1. Launch SQL Server Management Studio on SQL Server.
  2. Connect to the managed instance.
  3. Open a New Query window and run the following Transact-SQL code to configure distribution on the distributor managed instance:
  1. USE [master]
  2. GO
  3. EXEC sp_adddistributor @distributor = @@ServerName;
  4. EXEC sp_adddistributiondb @database = N'distribution';
  5. GO

6. Configure the publisher to use the distributor

  1. Change the query execution to SQLCMD mode.
Figure 14 – Choose the SQLCMD mode.
  1. Run the following Transact-SQL code to register the new distributor with your publisher. This script configures a local publisher on the managed instance, adds a linked server, and creates a set of jobs for the SQL Server agent.
  1. :setvar username loginUsedToAccessSourceManagedInstance --Replace with your Credencials.
  2. :setvar password passwordUsedToAccessSourceManagedInstance --Replace with your Credencials.
  3. :setvar file_storage "\\\replshare"
  4. -- Replace with your file share path.
  5. :setvar file_storage_key "DefaultEndpointsProtocol=https;AccountName=;AccountKey=****;"
  6. -- example: file_storage_key ."DefaultEndpointsProtocol=https;AccountName=replstorage;AccountKey=dYT5hHZVu9aTgIteGfpYE64cfis0mpKTmmc8+EP53GxuRg6TCwe5eTYWrQM4AmQSG5lb3OBskhg==;"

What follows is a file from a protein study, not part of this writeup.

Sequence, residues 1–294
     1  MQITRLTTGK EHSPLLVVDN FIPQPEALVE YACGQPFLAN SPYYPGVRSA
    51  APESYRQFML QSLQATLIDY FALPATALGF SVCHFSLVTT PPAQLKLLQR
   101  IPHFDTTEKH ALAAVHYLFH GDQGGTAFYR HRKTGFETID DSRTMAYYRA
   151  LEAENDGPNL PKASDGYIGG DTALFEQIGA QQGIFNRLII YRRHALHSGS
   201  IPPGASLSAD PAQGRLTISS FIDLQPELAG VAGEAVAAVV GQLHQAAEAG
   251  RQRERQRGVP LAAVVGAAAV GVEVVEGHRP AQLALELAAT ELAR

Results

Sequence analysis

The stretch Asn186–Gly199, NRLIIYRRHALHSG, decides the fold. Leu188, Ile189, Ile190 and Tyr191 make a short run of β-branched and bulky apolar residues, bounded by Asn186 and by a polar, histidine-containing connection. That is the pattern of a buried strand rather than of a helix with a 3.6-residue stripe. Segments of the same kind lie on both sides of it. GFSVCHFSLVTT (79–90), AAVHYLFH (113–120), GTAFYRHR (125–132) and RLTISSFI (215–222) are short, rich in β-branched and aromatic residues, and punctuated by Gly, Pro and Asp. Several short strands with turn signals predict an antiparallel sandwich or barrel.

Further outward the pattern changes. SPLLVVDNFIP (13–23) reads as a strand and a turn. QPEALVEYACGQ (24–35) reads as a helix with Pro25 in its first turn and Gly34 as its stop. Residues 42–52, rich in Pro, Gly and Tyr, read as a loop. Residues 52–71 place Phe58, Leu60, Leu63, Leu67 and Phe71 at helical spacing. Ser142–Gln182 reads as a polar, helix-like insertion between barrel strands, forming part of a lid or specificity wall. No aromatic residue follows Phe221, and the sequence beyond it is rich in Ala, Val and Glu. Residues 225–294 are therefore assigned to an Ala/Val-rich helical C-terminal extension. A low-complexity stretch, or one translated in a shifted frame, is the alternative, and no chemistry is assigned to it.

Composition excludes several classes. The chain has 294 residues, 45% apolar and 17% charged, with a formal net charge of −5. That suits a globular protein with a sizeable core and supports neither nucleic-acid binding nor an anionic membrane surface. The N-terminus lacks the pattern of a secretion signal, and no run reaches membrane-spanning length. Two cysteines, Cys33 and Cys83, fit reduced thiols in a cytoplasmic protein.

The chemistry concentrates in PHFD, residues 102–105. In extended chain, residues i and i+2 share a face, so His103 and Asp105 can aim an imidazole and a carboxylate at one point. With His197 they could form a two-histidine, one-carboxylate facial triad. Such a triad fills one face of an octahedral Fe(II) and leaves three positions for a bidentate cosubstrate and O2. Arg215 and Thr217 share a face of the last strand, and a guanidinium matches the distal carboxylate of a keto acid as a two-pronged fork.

8. USE [master]
  9. EXEC sp_adddistpublisher
  10.   @publisher = @@ServerName,
  11.   @distribution_db = N'distribution',
  12.   @security_mode = 0,
  13.   @login = N'$(username)',
  14.   @password = N'$(password)',
  15.   @working_directory = N'$(file_storage)',
  16.   @storage_connection_string = N'$(file_storage_key)';

7. Create Publication and Subscriber

Using SQLCMD mode, run the following T-SQL script to enable replication for your database, and configure replication between your Publisher, Distributor, and Subscriber.

8. Modify agent parameters

  1. -- Set variables
  2. :setvar username sourceLogin
  3. :setvar password sourcePassword
  4. :setvar source_db Aw -- Replace with source database name
  5. :setvar publication_name Test -- Replace with name of the publication to create. The name must be unique within the database.
  6. :setvar object Clients -- Replace with database object to be published (in this case the table name)